*Okay, so I think that the Virginia Tech Hokies owe me big for bragging on my Heels just before they went up to play in Blacksburgh this weekend. Tough loss for the Heels.

I'm just glad that I don't still live up in Richmond in the wake of the game. Only NC State fans are historically more delusional about the quality of their athletics than Virginia Tech fans. They were completely insufferable during the Michael Vick era. Everyone that I've ever known that has gone to Virginia Tech has come out a rabid and somewhat misguided Tech athletic supporter. Must be that thin mountain air killing brain cells...

*And I'd like to thank my brother for pointing out my poor prognostication skills under Friday's post. Truly, if you'd gone with my picks at Vegas you would have done most poorly. I'm intrigued to see how this weekend is shaping up. All season long the AFC has been easily the better conference, but given how the playoffs have shaped up (with the #1 and #2 seeds falling in the AFC this weekend) I think it's anyone's Superbowl.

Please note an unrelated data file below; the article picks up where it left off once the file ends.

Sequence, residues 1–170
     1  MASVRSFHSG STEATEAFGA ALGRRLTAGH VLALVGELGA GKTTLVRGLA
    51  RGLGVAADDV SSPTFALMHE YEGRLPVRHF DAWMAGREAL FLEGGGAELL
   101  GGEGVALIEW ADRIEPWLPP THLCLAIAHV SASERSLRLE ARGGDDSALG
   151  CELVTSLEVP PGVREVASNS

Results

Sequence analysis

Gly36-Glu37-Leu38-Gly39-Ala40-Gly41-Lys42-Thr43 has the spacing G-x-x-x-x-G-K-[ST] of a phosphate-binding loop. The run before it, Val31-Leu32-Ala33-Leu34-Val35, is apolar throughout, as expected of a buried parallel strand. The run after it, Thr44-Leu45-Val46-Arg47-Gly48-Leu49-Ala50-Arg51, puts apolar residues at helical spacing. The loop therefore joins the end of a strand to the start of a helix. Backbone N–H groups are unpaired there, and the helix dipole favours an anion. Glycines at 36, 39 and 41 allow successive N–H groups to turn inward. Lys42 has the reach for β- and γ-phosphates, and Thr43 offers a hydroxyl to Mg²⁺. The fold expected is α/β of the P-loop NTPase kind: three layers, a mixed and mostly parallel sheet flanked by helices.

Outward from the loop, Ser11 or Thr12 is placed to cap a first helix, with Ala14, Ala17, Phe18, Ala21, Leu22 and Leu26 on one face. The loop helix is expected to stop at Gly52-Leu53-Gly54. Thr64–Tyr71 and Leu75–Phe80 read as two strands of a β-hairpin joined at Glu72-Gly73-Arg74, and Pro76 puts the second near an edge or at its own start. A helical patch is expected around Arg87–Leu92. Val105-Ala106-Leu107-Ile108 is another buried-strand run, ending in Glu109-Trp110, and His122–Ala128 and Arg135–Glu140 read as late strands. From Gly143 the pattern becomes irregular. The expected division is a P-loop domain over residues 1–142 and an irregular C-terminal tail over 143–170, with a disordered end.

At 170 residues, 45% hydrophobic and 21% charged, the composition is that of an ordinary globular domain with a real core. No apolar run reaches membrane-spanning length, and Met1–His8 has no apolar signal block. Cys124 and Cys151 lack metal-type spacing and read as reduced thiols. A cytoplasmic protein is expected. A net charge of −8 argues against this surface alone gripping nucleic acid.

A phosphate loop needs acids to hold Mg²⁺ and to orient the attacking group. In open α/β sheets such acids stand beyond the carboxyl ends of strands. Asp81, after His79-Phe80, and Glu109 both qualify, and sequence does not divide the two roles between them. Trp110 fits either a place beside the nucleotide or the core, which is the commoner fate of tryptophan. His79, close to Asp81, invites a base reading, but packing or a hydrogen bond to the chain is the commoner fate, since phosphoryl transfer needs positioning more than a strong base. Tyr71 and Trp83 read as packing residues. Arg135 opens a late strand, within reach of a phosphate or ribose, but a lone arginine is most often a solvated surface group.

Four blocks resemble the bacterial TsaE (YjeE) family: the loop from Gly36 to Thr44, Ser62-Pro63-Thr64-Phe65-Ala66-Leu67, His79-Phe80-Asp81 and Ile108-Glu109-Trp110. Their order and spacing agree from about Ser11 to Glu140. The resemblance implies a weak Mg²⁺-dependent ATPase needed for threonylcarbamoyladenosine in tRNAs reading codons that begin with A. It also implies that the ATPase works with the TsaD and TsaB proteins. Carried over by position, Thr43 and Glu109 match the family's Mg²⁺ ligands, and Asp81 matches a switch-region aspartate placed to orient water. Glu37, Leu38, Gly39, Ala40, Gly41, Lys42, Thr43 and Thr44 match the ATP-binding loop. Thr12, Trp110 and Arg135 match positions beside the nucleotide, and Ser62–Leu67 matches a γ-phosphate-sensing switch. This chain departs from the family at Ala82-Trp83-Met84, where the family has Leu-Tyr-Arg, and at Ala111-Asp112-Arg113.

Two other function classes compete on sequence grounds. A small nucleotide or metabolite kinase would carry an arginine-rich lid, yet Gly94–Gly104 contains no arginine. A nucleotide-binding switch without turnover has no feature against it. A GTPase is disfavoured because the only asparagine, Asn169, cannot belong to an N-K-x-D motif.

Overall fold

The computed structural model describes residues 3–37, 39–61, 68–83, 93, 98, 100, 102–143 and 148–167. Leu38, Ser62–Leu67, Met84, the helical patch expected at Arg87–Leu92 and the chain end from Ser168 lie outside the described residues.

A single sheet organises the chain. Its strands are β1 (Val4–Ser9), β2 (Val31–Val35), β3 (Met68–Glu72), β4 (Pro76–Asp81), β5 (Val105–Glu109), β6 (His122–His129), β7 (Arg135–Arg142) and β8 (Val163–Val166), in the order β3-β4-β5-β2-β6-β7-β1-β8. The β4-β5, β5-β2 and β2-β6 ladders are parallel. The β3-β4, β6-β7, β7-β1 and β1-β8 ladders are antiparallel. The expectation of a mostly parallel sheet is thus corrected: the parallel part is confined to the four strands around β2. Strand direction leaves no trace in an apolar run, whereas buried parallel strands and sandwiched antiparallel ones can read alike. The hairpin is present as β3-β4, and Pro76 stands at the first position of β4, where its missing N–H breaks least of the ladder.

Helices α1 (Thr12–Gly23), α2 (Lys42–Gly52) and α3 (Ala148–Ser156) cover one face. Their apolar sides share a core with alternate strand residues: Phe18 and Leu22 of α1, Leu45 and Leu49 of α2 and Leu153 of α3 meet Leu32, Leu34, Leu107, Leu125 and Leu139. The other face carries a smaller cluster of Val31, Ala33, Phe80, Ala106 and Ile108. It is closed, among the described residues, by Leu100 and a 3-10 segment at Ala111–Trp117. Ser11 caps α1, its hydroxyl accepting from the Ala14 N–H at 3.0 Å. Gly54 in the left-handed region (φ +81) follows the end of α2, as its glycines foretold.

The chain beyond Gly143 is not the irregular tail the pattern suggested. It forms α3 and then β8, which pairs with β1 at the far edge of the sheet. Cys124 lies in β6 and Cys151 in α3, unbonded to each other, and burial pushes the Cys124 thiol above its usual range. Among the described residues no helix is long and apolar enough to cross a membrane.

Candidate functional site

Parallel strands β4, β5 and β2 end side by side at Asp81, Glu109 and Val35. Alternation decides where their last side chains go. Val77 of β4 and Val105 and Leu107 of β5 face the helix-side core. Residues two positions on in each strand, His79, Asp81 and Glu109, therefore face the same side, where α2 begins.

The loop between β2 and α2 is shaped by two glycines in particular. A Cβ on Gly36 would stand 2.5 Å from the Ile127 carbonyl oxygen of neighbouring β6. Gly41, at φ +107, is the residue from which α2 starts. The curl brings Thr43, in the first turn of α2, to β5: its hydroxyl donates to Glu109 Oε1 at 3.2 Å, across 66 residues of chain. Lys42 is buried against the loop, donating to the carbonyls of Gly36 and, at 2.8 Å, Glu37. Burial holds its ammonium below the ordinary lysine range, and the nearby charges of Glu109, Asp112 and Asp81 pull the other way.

*Thanks to those of you who prayed for us this weekend as we went on our leadership retreat. It was great, better than I could have hoped or expected.

I posted a week or so ago that I'd been fighting against anxiety about this retreat and giving more time to prayer. This week I'm giving talk #2 in a series of how God meets us with Hope in the midst of brokenness. My thesis this week: repentance from sin is a primary way that God meets us in brokenness.

Given that, I felt like I needed to lead into this week with some repenting of my own. I spent a good chunk of time this evening in prayer, repenting of my anxiety, my unbelief, my faithlessness in the face of all that God has done and continues to do for me. Oh Lord, I believe; help me repent of my suicidal un-belief.

Friday, January 12, 2007

Friday Grab-Bag

*There are few things in life more gratifying for a UNC basketball fan than to be #1 in the nation...except maybe to be #1 and to have Dook lose not just once (to Virginia Tech--at home, no less) but twice (at Georgia Tech) in one week.

*Some great NFL football on this weekend as the playoffs get really interesting. My stone-cold locks (for entertainment purposes only):
-Bears easily over the Seahawks
, whose luck finally runs out.
-Saints keep marching past the Eagles